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Thread: Help with angles and cutting.

  1. #16
    Join Date
    Apr 2009
    Location
    Palm Springs, CA
    Posts
    1,077
    Probably not what you want to hear however your top rail is too short. It needs to extend beyond the upper post by enough to cut a matching angle on both rails. You could possibly move the rail out enough to cut the correct angle and dowel and glue a filler piece in where it meets the house that would be less noticeable.
    Last edited by Dick Mahany; 10-18-2021 at 12:08 PM.
    Dick Mahany.

  2. #17
    Oh that photo was just taken to show how I would match it up. I have plenty of room to push the rail downwards to meet the stair railing. I made sure I had extra length so i could be cut. So the consensus sounds like both top and stair railing need to be cut at 31 degrees and then mate the two. What is the typical way most people do this type of application? I think if the top railing is past the post, it has less strength if the stair railing is just glued and screwed to one another. I was thinking of maybe making a block cut at the right angle and secure i just below the meeting point for the 2 rails. Boy am I a total wood novice, but i trying. Making tons of mistakesIMG_0906.jpg but learning a lot along the way.

  3. #18
    Join Date
    Nov 2007
    Location
    Houston, Texas
    Posts
    169
    Why not lay a scrap board on the deck, projecting out a couple inches past the top nose, and then lay another scrap on the stair, touching nose to nose to nose. Overlap them at the top, set your bevel gauge on either one, and 'connect' (align?) the gauge to a line that passes through the top of the two boards to the bottom of the two boards? That's your miter angle, whatever it is (the number doesn't much matter). Cut the two scraps on that angle, put them back in place (on the deck and on the noses) and confirm that your angle (your cut) is correct and your have the miter, the look, you're after. As mentioned by someone earlier, the handrail piece will be parallel to the noses of the stair, so the scrap piece laying on the noses will be at the correct angle, and having the two scraps touch each other side by side lets you easily use your bevel gauge to set the required miter angle.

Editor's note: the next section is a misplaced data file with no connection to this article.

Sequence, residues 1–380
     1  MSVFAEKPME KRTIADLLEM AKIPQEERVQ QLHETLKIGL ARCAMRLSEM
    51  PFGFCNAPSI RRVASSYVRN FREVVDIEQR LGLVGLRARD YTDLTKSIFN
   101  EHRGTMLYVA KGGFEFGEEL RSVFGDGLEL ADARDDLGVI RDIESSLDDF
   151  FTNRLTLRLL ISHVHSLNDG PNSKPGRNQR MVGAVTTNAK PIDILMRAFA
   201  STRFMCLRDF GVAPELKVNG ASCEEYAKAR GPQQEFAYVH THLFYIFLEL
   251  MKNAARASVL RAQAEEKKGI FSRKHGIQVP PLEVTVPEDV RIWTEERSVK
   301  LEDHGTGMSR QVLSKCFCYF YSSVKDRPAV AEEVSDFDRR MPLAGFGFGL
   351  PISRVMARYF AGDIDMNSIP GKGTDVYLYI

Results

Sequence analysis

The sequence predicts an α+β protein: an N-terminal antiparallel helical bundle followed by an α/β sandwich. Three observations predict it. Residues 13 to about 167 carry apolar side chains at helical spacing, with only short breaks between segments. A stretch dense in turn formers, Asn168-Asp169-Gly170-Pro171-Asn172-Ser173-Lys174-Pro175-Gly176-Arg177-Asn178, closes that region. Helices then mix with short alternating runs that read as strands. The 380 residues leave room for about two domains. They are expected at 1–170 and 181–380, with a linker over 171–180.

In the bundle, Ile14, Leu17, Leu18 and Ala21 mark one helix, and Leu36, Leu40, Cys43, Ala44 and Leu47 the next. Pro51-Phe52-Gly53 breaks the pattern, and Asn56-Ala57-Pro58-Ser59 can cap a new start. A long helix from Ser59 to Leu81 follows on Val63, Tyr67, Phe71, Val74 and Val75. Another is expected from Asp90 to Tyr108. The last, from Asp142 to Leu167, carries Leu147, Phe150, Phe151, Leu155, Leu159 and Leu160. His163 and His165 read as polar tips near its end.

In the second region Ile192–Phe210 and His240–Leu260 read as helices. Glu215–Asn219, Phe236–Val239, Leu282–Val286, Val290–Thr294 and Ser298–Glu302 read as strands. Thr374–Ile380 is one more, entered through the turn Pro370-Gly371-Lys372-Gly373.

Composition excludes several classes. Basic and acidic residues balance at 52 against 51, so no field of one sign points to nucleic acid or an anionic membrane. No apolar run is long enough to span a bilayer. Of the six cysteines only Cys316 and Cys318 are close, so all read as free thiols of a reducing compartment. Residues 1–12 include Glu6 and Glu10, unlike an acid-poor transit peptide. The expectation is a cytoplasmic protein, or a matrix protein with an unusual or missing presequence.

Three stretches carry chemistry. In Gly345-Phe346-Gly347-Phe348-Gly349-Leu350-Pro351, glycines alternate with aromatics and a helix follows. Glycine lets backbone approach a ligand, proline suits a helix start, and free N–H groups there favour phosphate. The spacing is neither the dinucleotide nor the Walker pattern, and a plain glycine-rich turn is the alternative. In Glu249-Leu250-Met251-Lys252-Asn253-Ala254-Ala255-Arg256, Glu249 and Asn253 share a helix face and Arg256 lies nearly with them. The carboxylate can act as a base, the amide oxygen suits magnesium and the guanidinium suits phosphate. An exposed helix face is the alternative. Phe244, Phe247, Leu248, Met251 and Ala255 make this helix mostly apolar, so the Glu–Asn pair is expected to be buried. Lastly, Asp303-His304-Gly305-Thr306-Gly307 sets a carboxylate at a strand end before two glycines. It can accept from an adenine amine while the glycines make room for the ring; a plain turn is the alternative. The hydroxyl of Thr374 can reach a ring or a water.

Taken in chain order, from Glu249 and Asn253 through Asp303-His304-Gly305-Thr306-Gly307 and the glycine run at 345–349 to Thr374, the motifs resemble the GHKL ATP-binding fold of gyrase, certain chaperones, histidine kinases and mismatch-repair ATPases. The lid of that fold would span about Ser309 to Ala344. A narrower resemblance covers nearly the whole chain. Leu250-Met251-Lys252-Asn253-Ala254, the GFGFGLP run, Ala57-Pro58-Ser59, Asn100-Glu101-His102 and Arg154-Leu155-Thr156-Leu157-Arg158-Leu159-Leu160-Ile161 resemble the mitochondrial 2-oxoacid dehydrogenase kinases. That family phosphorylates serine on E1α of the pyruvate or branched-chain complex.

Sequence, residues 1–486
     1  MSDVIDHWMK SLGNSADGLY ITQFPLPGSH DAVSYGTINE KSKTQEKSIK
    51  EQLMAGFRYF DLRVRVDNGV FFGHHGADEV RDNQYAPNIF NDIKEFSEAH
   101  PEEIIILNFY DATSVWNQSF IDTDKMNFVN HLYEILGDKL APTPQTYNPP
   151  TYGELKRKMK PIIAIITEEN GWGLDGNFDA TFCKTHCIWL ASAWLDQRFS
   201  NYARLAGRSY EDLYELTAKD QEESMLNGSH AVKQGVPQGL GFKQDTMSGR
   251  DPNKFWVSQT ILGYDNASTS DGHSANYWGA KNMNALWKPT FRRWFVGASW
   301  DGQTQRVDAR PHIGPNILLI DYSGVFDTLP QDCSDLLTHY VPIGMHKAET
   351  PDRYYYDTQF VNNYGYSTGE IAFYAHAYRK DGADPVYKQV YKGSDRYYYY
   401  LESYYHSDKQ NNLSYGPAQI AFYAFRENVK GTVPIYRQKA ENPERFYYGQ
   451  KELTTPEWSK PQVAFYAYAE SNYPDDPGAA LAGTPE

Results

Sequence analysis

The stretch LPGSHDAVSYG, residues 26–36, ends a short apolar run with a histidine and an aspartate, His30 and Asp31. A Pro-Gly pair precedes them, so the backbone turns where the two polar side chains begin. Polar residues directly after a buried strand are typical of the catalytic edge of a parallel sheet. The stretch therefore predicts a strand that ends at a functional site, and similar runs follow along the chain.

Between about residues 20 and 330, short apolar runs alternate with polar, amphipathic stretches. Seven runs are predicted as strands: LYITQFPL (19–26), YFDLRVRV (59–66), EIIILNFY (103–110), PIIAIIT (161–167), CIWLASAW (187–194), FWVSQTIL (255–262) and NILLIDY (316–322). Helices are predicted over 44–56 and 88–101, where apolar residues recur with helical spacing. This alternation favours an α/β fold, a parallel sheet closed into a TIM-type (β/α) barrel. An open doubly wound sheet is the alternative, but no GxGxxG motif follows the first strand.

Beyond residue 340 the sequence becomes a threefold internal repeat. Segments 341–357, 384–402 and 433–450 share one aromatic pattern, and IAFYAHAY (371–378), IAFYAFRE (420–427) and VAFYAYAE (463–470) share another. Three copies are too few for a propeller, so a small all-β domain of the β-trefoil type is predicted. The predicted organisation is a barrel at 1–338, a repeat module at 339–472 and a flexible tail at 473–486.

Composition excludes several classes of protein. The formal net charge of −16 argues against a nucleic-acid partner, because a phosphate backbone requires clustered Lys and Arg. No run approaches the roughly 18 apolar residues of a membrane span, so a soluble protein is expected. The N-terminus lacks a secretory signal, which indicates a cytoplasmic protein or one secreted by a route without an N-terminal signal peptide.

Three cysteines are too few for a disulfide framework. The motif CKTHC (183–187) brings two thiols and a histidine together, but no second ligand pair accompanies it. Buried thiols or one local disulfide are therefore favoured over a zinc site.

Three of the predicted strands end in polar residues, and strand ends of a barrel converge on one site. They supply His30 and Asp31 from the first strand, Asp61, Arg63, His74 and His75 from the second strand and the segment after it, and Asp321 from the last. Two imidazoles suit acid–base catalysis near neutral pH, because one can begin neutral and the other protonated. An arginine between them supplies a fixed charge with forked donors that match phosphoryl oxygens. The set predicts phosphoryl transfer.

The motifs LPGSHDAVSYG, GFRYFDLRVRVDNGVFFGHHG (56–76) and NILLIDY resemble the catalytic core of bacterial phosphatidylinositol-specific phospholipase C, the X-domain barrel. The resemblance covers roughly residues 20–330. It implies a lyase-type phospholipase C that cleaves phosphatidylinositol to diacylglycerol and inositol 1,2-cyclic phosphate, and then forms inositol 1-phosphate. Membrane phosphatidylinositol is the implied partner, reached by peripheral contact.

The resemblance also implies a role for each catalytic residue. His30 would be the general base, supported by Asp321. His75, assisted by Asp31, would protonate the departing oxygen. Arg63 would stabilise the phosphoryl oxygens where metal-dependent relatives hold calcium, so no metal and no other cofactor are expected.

Don't let it bring you down,
    It's only castles burning,
    Just find someone who's turning,
    And you will come around

    Neil Young (with a little bit of emphasis added by me)

    Board member, Gulf Coast Woodturners Association

  4. #19
    Join Date
    Nov 2007
    Location
    Goleta / Santa Barbara
    Posts
    854
    Just my impression, but others here are more knowledgeable, so take it with a grain of salt. Also , i am not good with computer graphics, so i am limited to words.
    If we paint the face of a clock over your diagram, the cuts you propose go from roughly 11 to 5. My thought would be that both cuts should go from about 1 o’clock to 7 o’clock. Thus the comment above about cutting a channel or angle into the leading edge of the post.

    Maybe take 2 short scrap pieces, cut them each a t 15.5 (if 31 degrees is your number), glue or nail them together and then slide it along the side of your two rails and see what looks right and can be securely anchored.

    Also, with your saw only cutting to 30 degrees - since a plumb cut is 90 degrees and if you cut 30 degrees, when you turn it over isn’t it now 60 degrees? In other words you might have to turn one board over to cut a particular angle. But maybe i missed something.


    Quote Originally Posted by David Feldbaum View Post
    the idea was to have the top railing flow into the stair railing. I have seen other designs that you stop the top railing at the post, and then your stair railing cut on the angle attaches to the post. I have my angle of 31 degrees which I know is right. Johnny posted above that the top and stair rail need to both be angled. Are they the same then?Attachment 466633Attachment 466634

  5. #20
    Thanks Lisa. Took me a while to fully understand but your response was the best and easiest . Now I have a pretty good match. I have to fill the seam a tad with some wood filler from the Ipe dust, but im pretty happy. Home stretch now. Just have to put the other balluster inserts tacked in and a nice finish sealer before its too cold and I have a nice deck built in 6 months.

    IMG_0955.jpg

  6. #21
    Finished. Fist deck I ever built and I had no clue what I was doing. Learned a ton. Made mistakes but only I know what they are, but I am still proud. Still need to seal it up so its shiny. IMG_0961.jpg

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